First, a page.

Many people before the Muslims have struggled and many have died in order that we as offspring or migrants might enjoy the rights that we do today. Those people must never be forgotten; it is incumbent upon Muslims in America to know their stories. The stories have people of all colors as protagonists. There have always been people of color who have opposed the injustices of racism, sexism and intolerance but we should not forget that there have been numerous good white people who have opposed injustice and they should not be forgotten. The issue cannot be black and white but rather wrong and right. It is as simple as that. We stand not with our tribe but with our principles and should they be against our tribe then we must act as witnesses "unto God even against yourselves."
3. "PROGRESS" IN THE INNER CITY AND THE WORLD You have previously discussed the "myth of progress" and asserted that the highest level of spiritual progress was achieved over a millennium ago in the desert and oasis of Arabia during the time of God's Emissary, may He grant him His peace and blessings. While "spiritual entropy" may be a regrettable reality facing humanity (at least en masse), today's Muslims in and out of the inner city, and abroad, hold conflicting views about the extent to which achieving material comfort necessarily involves dealing with, or is equated with, embracing "capitalism" with all of its arguably negative aspects (exploitation of labor, riba, corruption of big business, environmental neglect, etc.) and thereby losing religion. Is there a confluence or a contradiction in attempting to achieve both spiritual and material success in the contemporary globalizing economy?
SHAYKHA HAMZA YUSUF:
The problem with poverty in America is that it deprives the poor of their dignity. This is so for a number of reasons: one, the Calvinist view, which affects many Americans, states that wealth is a sign of God's blessings upon the person. In that way, poverty is seen almost as a punishment. In essence, this perspective states that in this land of plenty, there must be something wrong with you if you don't have anything. This way of viewing the world permeates our culture and does untold damage to countless souls.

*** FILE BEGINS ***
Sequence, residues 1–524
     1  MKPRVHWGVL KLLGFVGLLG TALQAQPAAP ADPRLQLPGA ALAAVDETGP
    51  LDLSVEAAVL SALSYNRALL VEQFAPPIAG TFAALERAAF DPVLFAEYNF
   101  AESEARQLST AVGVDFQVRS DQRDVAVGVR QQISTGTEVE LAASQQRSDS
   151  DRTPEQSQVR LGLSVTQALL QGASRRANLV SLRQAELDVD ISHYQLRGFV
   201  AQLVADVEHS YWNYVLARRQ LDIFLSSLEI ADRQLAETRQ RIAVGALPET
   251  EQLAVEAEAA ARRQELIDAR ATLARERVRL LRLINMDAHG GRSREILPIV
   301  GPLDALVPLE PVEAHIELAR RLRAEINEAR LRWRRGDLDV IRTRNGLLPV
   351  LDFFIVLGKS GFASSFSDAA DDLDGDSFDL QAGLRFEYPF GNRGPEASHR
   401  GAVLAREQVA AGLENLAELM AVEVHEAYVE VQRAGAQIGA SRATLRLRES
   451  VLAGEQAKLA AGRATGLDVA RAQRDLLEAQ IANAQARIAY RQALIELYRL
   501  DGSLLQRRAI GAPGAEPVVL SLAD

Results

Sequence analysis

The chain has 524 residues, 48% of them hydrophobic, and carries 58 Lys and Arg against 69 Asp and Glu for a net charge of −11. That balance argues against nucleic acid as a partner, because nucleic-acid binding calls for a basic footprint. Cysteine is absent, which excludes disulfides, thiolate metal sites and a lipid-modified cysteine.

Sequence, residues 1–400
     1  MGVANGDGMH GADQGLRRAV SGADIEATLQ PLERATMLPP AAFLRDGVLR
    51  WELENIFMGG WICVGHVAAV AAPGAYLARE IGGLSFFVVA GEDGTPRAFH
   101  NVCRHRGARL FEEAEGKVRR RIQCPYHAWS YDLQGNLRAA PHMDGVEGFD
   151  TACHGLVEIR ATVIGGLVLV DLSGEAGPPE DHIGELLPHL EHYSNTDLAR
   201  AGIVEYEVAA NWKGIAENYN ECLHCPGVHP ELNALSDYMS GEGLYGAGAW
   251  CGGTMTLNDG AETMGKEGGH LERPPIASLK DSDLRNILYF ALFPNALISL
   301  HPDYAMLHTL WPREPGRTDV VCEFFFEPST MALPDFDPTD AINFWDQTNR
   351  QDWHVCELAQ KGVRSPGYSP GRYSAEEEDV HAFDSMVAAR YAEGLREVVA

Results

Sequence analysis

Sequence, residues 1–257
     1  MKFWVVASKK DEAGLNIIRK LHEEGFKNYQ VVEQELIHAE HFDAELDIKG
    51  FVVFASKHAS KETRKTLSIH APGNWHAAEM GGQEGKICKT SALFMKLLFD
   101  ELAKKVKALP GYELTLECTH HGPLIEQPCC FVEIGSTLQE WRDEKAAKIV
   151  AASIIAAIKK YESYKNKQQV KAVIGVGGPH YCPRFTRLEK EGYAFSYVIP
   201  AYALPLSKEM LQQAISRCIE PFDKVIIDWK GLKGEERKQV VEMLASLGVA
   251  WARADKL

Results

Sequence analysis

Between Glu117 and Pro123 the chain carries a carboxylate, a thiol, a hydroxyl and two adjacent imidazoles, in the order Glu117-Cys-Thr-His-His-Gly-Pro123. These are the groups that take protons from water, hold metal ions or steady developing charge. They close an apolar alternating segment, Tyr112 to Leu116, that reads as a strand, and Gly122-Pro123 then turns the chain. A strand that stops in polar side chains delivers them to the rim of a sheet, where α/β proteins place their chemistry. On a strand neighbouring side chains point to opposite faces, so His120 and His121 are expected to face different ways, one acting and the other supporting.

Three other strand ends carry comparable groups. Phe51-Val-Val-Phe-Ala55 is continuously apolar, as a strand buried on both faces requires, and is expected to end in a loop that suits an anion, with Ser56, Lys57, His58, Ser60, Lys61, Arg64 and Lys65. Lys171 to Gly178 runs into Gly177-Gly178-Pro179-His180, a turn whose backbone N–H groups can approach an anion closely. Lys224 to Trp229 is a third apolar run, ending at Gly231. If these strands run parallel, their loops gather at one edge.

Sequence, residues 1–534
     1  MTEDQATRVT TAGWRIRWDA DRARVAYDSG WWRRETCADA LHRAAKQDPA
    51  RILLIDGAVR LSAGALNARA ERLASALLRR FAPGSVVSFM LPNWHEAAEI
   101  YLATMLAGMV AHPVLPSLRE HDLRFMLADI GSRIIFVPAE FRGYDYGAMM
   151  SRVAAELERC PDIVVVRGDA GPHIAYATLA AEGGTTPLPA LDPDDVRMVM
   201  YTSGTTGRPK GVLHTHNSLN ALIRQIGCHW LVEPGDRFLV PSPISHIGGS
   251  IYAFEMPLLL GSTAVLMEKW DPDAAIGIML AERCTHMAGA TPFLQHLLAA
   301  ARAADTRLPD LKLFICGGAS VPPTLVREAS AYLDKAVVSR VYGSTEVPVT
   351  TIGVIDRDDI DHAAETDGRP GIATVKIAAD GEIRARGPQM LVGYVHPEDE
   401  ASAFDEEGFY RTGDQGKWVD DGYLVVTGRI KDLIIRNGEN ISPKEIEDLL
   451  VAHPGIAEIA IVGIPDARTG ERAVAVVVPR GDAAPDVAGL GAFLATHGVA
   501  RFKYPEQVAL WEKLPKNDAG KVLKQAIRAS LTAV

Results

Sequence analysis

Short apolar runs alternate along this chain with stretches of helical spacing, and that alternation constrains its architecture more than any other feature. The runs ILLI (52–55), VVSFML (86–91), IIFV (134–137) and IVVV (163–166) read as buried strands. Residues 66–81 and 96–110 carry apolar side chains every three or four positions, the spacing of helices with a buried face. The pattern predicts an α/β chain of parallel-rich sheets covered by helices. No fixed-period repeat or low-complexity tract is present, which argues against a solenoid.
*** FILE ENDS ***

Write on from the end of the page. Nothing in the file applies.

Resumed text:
Islam teaches us that wealth is inner wealth. The Prophet Muhammad, peace be upon him, said, "Contentment is an inexhaustible treasure." He also said, "Wealth is not a lot of goods but it is being satisfied with what one has." The endless pursuit of more is a disease, and as the hadith (prophetic tradition) states, "Nothing will fill the mouth of the child of Adam except the dirt of the grave. If someone had a mountain of gold, they would only desire another."
What we need to learn in this country is how to be poor with dignity. We need to learn to keep clean houses, clothes and bodies, to eat pure food, and to do this with money earned untarnished by illegal transactions. This is available to anyone willing to turn to God for support.
We must also free ourselves of resentment and envy of others and what they have. The Prophet, peace be upon him said, "Look to those better than you in your spirituality but look to those with less than you in your material reality. For indeed that will help you to aspire to be better and to be grateful for what you have."
Finally, poverty is "all my glory" according to the richest man that ever lived, the Prophet Muhammad, peace be upon him. He chose to lower his standard of living in order that others might have more. That is his way.